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NAME: Enriquez, Ephraim T.

I. Lavadia vs Heirs of Luna (2014)


II. Foreign Divorce
III. DOCTRINE
Divorce between Filipinos is void and ineffectual under the nationality rule adopted by
Philippine law. Hence, any settlement of property between the parties of the first marriage
involving Filipinos submitted as an incident of a divorce obtained in a foreign country lacks
competent judicial approval, and cannot be enforceable against the assets of the husband
who contracts a subsequent marriage.

IV. STATEMENT OF FACTS


V. Atty. Luna, a practicing lawyer, married Eugenia in 1947. Their marriage begot seven
children. After two decades of marriage, Atty. Luna and his wife agreed to live separately as
husband and wife, and executed an Agreement For Separation and Property Settlement”
whereby they agreed to live separately and to dissolve their conjugal property. On January
2, 1076, Atty. Luna obtained a divorce decree of his marriage with Eugenia from the
Dominican Republic. On the same day, he married Soledad. In 1977, Atty. Luna organized a
new law firm with several other lawyers. The new law office thru Atty. Luna obtained a
condominium unit which they bought on an installment basis. After full payment, the
condominium title was registered in the names of the lawyers with pro-indivisio shares.
When the law office was dissolved, the condominium title was still registered in the names
of the owners, with Atty.Luna’s share fixed at 25/100. Atty. Luna established a new law firm
with Atty. Dela Cruz. After Atty.Luna’s death in 1997, his share in the condominium unit, his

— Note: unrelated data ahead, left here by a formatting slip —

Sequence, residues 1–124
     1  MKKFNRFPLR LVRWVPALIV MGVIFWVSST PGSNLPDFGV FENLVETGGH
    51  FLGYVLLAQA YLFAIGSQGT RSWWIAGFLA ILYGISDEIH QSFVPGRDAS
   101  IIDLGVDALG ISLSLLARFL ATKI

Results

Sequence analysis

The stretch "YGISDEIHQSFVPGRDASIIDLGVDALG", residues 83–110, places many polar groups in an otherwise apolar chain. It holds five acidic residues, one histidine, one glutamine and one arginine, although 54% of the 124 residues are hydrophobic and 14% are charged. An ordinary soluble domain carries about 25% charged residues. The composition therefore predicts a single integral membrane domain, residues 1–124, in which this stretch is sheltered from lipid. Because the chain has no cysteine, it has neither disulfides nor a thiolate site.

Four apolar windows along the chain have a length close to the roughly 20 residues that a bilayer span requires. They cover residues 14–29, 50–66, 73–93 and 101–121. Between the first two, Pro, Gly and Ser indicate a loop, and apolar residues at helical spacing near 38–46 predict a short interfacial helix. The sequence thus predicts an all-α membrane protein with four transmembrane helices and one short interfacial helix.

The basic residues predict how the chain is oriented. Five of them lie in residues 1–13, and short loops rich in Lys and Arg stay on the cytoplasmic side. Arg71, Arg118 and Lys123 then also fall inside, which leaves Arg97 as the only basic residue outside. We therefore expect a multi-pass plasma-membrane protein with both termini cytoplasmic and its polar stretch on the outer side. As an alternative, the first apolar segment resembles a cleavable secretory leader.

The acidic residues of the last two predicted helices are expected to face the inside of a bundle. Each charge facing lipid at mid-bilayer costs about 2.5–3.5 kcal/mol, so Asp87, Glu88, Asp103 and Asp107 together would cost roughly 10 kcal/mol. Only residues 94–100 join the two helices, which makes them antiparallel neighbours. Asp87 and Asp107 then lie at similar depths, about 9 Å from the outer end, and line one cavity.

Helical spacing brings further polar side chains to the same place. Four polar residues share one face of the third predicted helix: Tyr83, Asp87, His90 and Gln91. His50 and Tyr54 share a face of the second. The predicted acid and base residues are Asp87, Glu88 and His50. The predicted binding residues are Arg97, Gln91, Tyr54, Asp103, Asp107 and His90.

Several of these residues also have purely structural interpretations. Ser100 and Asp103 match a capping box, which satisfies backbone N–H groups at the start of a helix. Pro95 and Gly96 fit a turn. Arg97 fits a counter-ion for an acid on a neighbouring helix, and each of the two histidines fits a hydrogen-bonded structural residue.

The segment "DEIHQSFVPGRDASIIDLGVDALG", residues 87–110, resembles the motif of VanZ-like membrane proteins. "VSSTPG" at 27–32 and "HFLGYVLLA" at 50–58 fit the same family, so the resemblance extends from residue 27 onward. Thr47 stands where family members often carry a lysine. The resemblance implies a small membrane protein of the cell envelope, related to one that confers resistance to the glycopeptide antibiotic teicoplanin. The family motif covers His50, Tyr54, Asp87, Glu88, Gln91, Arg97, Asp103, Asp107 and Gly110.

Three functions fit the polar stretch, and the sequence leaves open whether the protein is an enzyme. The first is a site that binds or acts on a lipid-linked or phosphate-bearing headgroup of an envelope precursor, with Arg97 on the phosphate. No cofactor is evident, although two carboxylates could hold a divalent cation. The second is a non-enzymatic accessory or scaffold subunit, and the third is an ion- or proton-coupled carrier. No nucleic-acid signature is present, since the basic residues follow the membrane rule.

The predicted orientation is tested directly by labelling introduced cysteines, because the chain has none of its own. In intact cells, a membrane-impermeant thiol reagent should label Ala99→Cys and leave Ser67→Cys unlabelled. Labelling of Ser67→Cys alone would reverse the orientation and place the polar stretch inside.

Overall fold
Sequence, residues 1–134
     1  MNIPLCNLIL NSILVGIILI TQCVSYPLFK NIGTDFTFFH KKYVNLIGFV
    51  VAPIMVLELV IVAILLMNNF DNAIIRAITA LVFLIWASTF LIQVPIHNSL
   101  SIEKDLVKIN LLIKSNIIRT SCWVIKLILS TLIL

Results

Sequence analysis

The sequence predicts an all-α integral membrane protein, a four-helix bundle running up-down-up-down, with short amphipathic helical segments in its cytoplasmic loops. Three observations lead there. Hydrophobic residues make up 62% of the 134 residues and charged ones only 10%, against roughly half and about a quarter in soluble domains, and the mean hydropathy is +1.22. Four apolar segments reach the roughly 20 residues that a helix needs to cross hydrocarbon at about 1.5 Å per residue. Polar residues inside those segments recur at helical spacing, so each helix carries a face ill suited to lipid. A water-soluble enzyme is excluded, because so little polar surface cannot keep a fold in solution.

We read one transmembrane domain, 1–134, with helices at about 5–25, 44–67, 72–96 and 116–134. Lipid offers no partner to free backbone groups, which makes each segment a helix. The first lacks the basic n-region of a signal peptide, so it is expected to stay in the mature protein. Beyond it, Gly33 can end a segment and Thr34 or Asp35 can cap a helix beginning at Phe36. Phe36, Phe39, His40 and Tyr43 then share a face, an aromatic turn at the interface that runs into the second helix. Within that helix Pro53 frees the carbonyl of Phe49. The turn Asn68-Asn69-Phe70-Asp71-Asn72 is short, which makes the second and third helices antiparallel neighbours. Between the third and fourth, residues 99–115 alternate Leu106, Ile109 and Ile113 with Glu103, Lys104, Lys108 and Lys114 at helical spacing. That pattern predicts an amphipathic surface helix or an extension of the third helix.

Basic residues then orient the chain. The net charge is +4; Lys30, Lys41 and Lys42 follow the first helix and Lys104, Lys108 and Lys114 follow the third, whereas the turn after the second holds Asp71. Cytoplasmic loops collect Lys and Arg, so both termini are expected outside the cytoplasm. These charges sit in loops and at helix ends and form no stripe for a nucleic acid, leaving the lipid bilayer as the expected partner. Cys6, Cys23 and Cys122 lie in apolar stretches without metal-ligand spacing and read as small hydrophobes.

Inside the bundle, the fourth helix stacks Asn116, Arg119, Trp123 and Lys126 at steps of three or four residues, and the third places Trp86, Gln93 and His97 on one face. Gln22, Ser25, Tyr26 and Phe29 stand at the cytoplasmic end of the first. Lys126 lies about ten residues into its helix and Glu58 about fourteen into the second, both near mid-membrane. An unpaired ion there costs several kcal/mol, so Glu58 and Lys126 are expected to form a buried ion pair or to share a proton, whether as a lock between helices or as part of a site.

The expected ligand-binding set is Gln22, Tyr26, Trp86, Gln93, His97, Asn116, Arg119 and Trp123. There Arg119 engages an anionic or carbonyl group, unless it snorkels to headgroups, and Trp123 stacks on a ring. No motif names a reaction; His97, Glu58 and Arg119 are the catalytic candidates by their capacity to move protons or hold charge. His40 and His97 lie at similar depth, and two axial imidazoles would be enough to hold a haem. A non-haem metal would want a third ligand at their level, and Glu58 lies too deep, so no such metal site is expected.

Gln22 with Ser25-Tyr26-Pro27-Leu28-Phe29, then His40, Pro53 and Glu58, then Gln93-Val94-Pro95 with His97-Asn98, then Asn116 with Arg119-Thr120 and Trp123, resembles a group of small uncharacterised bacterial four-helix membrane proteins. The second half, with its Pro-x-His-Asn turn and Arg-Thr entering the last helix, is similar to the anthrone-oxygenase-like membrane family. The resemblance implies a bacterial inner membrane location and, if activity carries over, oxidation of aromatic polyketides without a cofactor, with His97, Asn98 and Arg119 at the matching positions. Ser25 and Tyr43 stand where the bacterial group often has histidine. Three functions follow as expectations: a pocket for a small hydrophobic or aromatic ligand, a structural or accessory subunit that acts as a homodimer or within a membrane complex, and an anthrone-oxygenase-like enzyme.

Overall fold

law books and furniture were taken over by Gregorio, his son in the first marriage. His
25/100 share in the condominium was also rented out to Atty. Dela Cruz. Soledad, the
second wife, then filed a complaint against the heirs of Atty. Luna. According to her, the
properties were acquired by Atty. Luna and her during their marriage, and because they had
no children, 3/4 of the property became hers, 1/2 being her share in the net estate, and the
other half bequeathed to her in a last will and testament of Atty. Luna. The RTC ruled
against her, and awarded the properties to the heirs of Atty. Luna from the first marriage,
except for the foreign law books, which were ordered turned over to her. Both parties
appealed to the Court of Appeals. The Court of Appeals modified the RTC judgment by
awarding all the properties, including the law books to the heirs of Atty. Luna from the first
marriage.

VI. ISSUE
Whether or not the divorce decree between Atty. Luna and Eugenia was valid, which will
decide who among the contending parties were entitled to the properties left behind by
Atty. Luna.

VII. RULING
No, divorce between Atty. Luna and Eugenia was void and ineffectual under the nationality
rule adopted by Philippine law. Hence, any settlement of property between the parties of
the first marriage involving Filipinos submitted as an incident of a divorce obtained in a
foreign country lacks competent judicial approval, and cannot be enforceable against the
assets of the husband who contracts a subsequent marriage.
Given the subsistence of the first marriage between Atty. Luna and Eugenia, the
presumption that Atty. Luna acquired the properties out of his own personal funds and
effort remained. It should then be justly concluded that the properties in litis legally
pertained to their conjugal partnership of gains as of the time of his death. Consequently,
the sole ownership of the 25/100pro indiviso share of Atty. Luna in the condominium unit,
and of the law books pertained to the respondents as the lawful heirs of Atty. Luna.